To grow up bullied, abused, or neglected, is to grow up without experiencing a lot of control.
We learn early, and all too well, that we don’t control what happens to us or how people behave toward us.
We learn that we very often don’t control how we feel.
To grow up feeling so overwhelmingly powerless is scary, frustrating, and sad.
We end up not wanting to get too attached to or invested in anything or anyone— because we’ve learned that it can be yanked away from us at any moment, for no particular reason.
We live in a constant state of anxiety, because if we “know” anything, it’s that we DON’T know what happens next…except that it will probably hurt on some level.
At the same time, our brain is constantly looking for ways to feel even a LITTLE more in control of our life experience— specifically, how we feel.
Many people reading this would give anything to be able to feel even slightly more in control of how we feel.
Which is why we get vulnerable to addictive and compulsive behaviors— they present the illusion of control.
When we’re desperately thirsty, we will absolutely crawl toward a mirage of water, on the off chance that it’s even sort of, kind of real.
Certain behaviors and substances promise to change how we feel— and sometimes they even work. At first, anyway. For a minute, anyway.
When those substances and behaviors DO work— even if they work imperfectly— it can feel AMAZING to a person who has felt overwhelmed and powerless their entire life.
We get hooked not just on how those substances or behaviors make us feel…but on the idea that there might be a reliable way to change how we feel that WE choose, that WE are in control of.
It’s such a seductive promise.
It’s so seductive that I’m kind of tearing up right now, writing this.
I wish it was real and lasting.
But substances and behaviors of addiction are, in the end, liars.
They promise us control while surreptitiously chipping away at our ability to make meaningful decisions.
Many substances and behaviors of addiction create physical conditions that make it impossible to think clearly, set boundaries, and protect ourselves.
But many of us will take that risk if it means having even a little control over how we feel.
I don’t blame anyone reading this for wanting, desperately, to have control over how they feel. I know that’s what I want, more than anything in the world.
I don’t blame anyone reading this for being willing to experiment with substances and behaviors that promise relief and control. I’ve done plenty of that.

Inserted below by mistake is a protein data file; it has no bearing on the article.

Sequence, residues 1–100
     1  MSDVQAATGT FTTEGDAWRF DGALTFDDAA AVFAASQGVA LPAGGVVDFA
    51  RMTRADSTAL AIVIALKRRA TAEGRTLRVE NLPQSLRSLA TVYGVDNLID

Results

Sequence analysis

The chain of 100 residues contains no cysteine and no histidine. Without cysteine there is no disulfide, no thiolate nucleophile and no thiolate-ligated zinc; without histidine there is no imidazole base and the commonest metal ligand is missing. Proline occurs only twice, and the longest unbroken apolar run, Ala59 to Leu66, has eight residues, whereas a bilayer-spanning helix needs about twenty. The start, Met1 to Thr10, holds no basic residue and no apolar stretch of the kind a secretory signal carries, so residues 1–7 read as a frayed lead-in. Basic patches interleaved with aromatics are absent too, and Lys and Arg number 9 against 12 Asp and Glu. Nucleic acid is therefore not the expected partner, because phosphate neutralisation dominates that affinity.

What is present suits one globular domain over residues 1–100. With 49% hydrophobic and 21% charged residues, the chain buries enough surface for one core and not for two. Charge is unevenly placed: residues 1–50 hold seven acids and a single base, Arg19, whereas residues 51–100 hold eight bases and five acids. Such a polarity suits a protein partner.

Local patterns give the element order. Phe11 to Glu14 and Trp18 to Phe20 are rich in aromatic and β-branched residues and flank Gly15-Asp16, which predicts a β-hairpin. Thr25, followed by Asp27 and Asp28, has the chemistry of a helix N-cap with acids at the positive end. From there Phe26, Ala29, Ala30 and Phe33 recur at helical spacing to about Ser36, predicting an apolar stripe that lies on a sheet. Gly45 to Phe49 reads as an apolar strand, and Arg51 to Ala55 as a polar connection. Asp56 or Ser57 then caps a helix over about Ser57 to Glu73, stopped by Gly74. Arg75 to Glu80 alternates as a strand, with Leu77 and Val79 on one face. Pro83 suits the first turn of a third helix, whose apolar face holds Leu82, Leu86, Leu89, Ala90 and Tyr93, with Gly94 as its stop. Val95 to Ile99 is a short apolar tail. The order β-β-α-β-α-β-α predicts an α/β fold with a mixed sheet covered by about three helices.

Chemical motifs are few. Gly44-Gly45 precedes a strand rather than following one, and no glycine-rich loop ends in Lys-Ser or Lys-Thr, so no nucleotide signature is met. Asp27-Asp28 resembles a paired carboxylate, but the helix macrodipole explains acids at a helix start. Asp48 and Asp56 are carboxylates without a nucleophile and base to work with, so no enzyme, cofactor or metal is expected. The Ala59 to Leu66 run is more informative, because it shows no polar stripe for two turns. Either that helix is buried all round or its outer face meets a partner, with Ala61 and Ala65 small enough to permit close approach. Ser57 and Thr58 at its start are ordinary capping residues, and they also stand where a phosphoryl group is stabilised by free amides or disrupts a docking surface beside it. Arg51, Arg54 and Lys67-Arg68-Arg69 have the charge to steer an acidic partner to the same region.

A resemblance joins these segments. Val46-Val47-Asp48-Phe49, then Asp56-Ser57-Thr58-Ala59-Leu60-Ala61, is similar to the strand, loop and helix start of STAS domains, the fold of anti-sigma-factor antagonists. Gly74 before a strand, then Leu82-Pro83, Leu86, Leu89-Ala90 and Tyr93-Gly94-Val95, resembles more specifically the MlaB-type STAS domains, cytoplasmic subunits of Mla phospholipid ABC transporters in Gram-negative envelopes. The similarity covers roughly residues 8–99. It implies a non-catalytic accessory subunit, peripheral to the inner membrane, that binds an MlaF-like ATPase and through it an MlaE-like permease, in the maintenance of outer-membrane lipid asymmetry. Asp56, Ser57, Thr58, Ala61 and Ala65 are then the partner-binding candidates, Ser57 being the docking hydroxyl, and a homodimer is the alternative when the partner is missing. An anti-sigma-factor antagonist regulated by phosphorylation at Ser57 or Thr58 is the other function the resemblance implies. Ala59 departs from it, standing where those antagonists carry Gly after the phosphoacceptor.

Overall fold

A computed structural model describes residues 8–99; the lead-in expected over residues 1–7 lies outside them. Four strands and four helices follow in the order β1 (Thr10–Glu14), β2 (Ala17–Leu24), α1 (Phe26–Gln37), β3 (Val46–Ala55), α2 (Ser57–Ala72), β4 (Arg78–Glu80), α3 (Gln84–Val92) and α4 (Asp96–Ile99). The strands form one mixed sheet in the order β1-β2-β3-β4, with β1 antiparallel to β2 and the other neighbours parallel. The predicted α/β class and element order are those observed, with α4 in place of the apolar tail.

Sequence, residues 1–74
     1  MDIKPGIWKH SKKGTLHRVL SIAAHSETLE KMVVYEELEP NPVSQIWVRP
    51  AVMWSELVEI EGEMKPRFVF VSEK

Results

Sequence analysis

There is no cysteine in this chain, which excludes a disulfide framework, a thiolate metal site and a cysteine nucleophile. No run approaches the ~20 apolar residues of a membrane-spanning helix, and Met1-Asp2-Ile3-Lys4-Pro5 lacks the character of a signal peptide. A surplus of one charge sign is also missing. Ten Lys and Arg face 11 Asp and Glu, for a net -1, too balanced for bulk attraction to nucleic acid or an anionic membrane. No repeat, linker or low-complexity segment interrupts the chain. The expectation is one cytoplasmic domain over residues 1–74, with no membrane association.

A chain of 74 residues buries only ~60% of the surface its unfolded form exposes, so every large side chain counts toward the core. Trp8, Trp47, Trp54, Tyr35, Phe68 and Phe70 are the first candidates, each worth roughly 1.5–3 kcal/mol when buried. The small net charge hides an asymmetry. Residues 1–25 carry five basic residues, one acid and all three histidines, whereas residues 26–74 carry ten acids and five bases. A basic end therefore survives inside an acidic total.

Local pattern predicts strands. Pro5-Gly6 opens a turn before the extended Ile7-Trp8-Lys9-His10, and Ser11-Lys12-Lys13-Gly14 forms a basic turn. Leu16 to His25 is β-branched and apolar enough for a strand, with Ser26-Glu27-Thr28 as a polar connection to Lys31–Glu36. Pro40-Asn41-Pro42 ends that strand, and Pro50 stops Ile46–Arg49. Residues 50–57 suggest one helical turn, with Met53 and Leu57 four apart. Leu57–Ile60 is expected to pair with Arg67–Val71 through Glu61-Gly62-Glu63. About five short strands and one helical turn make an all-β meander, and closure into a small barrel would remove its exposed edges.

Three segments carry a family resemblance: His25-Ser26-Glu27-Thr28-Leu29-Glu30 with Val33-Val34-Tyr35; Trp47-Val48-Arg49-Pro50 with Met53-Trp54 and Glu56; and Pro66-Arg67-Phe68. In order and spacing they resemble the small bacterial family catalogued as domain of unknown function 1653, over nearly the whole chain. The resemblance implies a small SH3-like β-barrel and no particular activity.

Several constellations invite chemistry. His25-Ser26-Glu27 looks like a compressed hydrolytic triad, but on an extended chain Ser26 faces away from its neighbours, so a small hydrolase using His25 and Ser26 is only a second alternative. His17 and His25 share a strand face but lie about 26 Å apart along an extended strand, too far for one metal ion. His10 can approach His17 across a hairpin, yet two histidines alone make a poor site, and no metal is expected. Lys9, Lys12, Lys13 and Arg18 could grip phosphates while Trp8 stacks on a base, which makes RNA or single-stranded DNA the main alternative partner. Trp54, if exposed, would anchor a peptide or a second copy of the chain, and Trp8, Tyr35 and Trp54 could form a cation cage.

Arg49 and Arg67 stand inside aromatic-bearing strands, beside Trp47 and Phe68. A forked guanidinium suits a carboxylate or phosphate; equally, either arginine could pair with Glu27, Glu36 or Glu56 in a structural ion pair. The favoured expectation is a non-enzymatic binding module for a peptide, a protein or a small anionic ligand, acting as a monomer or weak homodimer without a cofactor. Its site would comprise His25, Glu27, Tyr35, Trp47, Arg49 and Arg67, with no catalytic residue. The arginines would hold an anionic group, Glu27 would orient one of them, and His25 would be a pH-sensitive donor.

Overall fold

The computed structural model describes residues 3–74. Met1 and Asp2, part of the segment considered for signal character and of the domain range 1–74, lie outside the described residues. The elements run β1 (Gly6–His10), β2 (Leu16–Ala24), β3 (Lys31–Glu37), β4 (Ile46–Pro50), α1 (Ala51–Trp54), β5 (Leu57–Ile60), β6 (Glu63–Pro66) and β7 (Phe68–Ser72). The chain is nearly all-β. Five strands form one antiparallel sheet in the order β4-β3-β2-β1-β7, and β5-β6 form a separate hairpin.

I just want you to read these words, so that maybe they’ll echo in your head when you need them: the “control” promised by certain substances and behaviors is illusory.
It’s not real.
When we are suffering, when we’ve BEEN suffering for years, we are particularly vulnerable to the promise of pleasure, relief, and control.
That’s normal. It’s not a character flaw. We are not vulnerable to addiction because there’s something wrong or bad about us.
I know. You just want to feel better. Me too.
But we have to be real about what certain substances and behaviors can and can’t do for us.
And we have to be real about the cost that those substances and behaviors will eventually extract from us— especially after we’ve become dependent upon them.
There’s a reason why addiction is often a particular problem for people with trauma in our history.
A history of bullying, abuse, or neglect sets us up for that vulnerability.
It’s not our fault.
But it’s our responsibility to manage that vulnerability.
Even if it means giving up a promise so sweet and seductive that it virtually blinds us to everything else.
One thought on “Trauma, addiction, control, and seduction.”
There may be people who are facing such feeling for the first time because of the uncertainty of lockdowns. How many children will grow up seeking relief at any cost because they lost their trust in adults? I feel that uncertainty, and I’m no spring chicken. Thank you Dr. Doyle for describing the feeling so well, the desperation for any sense of control.